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This information is provided only as a non-medical resource for people who may have recently suffered an injury that is causing symptoms consistent with those displayed by patients with a diagnosed concussion. It is not medical advice, and should not prevent you from seeking proper medical attention. Pure Hockey does not encourage self-diagnosis, self-treatment, or deferring proper medical examinations in any circumstance. If you believe you may have suffered an injury, please consult a doctor for a comprehensive medical evaluation.
Whether you're trying to spot the signs of a concussion in a fellow hockey player, or wondering how to tell whether you have suffered one yourself, there are several symptoms to look for following a big hit or blow to the head.
The Brain Injury Association says a concussion occurs from a “bump, blow, or jolt to the head or by a hit to the body that causes the head and brain to move rapidly back and forth.”1 A concussion in hockey can come from a direct blow to the head by another player, or after taking a fall to the ice or against the boards. But you can suffer a concussion without hitting your head—an extremely hard check, a high-speed crash into the boards, and similar violent impacts can all cause concussions. When that happens, your brain can be jarred inside your skull, resulting in the injury.
There is a wide range of concussion warning signs to watch for. Some people will show many symptoms, while others might exhibit only one or two. According to the Mayo Clinic and the CDC,2, 3 symptoms might be obvious, or revealed only through testing by a doctor. But a concussion can't be diagnosed or confirmed through a simple blood test or scan. Generally, a doctor will ask a series of questions about the impact that caused the injury and how you feel. There will be tests for strength, balance, reflexes, memory, attentiveness, and sensation. There may be more in-depth tests as well, and the doctor may order a CT scan or an MRI to rule out more serious injuries.
While it would be normal to have a headache after having your head run into the boards, if you have several of these symptoms, there's a chance you might have suffered a concussion and should treat yourself as such. While some people who are later diagnosed with a concussion are knocked unconscious by the blow, being knocked out isn't required for a concussion, according to the Mayo Clinic.4 In fact, many players who take a big hit on the ice never lose consciousness. A hard hit, coupled with symptoms from the list above, however, is a strong sign your brain has suffered a big enough impact to cause a concussion, and should always be followed by a doctor's visit.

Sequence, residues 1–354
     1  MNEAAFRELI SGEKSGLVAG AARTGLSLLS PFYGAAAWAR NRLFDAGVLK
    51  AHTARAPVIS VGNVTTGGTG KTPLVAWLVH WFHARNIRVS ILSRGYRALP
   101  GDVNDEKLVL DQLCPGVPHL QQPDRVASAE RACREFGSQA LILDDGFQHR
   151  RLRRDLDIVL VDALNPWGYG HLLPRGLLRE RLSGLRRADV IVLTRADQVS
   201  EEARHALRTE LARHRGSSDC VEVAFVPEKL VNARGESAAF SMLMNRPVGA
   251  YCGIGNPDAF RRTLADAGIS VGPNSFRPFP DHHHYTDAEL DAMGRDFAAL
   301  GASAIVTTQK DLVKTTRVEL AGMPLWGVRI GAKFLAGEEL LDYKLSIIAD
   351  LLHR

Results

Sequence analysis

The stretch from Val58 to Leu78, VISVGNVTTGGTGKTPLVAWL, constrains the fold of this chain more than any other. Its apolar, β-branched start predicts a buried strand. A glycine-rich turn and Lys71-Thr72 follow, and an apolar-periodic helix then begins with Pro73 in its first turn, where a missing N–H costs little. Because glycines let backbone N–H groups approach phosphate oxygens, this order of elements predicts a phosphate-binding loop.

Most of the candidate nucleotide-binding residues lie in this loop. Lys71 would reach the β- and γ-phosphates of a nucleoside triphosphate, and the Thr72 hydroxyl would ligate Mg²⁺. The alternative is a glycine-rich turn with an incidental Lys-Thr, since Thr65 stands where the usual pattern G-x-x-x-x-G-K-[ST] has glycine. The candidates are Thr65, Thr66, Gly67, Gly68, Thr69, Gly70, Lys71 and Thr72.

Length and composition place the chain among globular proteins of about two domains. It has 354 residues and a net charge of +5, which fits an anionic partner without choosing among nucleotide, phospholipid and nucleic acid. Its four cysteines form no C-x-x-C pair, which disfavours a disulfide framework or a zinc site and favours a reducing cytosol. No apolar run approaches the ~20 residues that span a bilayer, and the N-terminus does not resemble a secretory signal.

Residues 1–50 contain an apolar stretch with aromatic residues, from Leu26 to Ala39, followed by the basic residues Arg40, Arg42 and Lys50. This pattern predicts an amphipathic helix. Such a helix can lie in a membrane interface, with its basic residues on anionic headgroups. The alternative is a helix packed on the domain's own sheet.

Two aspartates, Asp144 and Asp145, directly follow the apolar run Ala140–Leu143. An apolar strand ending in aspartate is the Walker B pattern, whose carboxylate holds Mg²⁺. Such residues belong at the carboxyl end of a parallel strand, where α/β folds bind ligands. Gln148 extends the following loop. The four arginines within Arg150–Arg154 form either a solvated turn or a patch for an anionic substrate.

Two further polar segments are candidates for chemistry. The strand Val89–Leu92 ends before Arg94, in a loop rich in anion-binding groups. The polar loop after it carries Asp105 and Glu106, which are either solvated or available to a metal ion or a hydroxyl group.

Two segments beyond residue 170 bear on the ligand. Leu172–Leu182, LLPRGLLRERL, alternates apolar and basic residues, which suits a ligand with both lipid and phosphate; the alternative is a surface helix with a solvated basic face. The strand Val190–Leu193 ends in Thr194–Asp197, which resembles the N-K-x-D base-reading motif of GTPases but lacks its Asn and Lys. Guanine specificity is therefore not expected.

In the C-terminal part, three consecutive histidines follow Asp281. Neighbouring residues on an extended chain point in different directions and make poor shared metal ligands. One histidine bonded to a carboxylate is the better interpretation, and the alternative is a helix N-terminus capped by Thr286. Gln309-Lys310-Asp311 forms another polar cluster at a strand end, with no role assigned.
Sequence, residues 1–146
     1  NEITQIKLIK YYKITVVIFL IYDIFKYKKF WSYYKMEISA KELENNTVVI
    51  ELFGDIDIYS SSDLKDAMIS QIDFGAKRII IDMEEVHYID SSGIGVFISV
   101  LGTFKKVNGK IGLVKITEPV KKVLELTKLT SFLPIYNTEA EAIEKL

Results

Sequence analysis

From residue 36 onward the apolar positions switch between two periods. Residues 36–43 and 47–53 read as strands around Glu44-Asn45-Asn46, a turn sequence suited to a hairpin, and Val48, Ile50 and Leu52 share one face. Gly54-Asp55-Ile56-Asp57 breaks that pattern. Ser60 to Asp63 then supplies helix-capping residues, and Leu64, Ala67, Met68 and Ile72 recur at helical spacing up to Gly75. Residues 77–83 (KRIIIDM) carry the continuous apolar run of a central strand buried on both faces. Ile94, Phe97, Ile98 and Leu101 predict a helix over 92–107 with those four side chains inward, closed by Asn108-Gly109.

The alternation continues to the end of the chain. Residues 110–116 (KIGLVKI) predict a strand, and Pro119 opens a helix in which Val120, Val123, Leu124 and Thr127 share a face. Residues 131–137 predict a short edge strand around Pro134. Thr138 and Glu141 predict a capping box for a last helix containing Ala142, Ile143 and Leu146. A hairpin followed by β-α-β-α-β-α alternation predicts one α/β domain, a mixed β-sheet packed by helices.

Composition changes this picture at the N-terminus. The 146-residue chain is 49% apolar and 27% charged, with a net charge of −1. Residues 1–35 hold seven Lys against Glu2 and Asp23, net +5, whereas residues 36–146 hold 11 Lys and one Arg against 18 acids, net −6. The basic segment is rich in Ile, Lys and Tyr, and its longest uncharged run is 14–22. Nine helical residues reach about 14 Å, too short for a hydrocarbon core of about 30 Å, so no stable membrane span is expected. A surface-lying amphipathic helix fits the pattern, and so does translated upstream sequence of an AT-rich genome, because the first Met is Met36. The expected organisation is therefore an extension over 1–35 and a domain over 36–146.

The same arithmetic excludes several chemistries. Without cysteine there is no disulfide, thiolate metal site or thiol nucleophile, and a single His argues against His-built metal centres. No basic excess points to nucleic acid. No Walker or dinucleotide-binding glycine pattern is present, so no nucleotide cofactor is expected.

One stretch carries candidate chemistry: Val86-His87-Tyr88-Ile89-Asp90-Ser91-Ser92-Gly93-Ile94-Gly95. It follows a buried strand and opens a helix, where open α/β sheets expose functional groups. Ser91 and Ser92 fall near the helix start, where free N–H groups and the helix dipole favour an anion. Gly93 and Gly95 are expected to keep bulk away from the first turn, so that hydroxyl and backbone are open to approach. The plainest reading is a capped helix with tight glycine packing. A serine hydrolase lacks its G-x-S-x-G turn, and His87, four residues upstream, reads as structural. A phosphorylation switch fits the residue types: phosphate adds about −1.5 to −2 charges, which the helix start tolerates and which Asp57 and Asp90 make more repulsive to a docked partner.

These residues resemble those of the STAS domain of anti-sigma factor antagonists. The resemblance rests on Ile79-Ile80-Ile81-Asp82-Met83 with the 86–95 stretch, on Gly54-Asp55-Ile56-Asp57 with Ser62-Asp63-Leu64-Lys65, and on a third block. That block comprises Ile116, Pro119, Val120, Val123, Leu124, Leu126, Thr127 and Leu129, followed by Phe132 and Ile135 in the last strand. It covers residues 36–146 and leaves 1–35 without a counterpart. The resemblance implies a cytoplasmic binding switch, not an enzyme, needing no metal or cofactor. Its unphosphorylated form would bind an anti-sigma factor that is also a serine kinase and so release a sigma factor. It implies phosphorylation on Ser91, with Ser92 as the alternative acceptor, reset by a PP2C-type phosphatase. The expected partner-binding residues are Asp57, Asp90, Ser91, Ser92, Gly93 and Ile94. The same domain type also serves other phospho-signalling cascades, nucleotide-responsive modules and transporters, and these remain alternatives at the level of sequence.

Hockey is a safe sport when players skate in control and follow the rules. Good protective gear and rules aimed at protecting players keep a sport built on speed and aggression safe and fun for everybody. Because of the safety measures, few players will suffer a concussion—particularly as young children or in non-checking leagues. But, a dirty player, a legal check into the boards, a careless skater, or even an accidental trip can leave a player with a blow to the head and the risk of a concussion.
Knowing how to treat a concussion in a hockey player who has suffered one is as important as recognizing the concussion risk from a big hit, but concussion prevention is always better.
References:1. https://www.biausa.org/brain-injury/about-brain-injury/concussion2. https://www.cdc.gov/traumaticbraininjury/symptoms.html3. https://www.mayoclinic.org/diseases-conditions/concussion/symptoms-causes/syc-203555944. https://www.mayoclinic.org/diseases-conditions/concussion/symptoms-causes/syc-20355594
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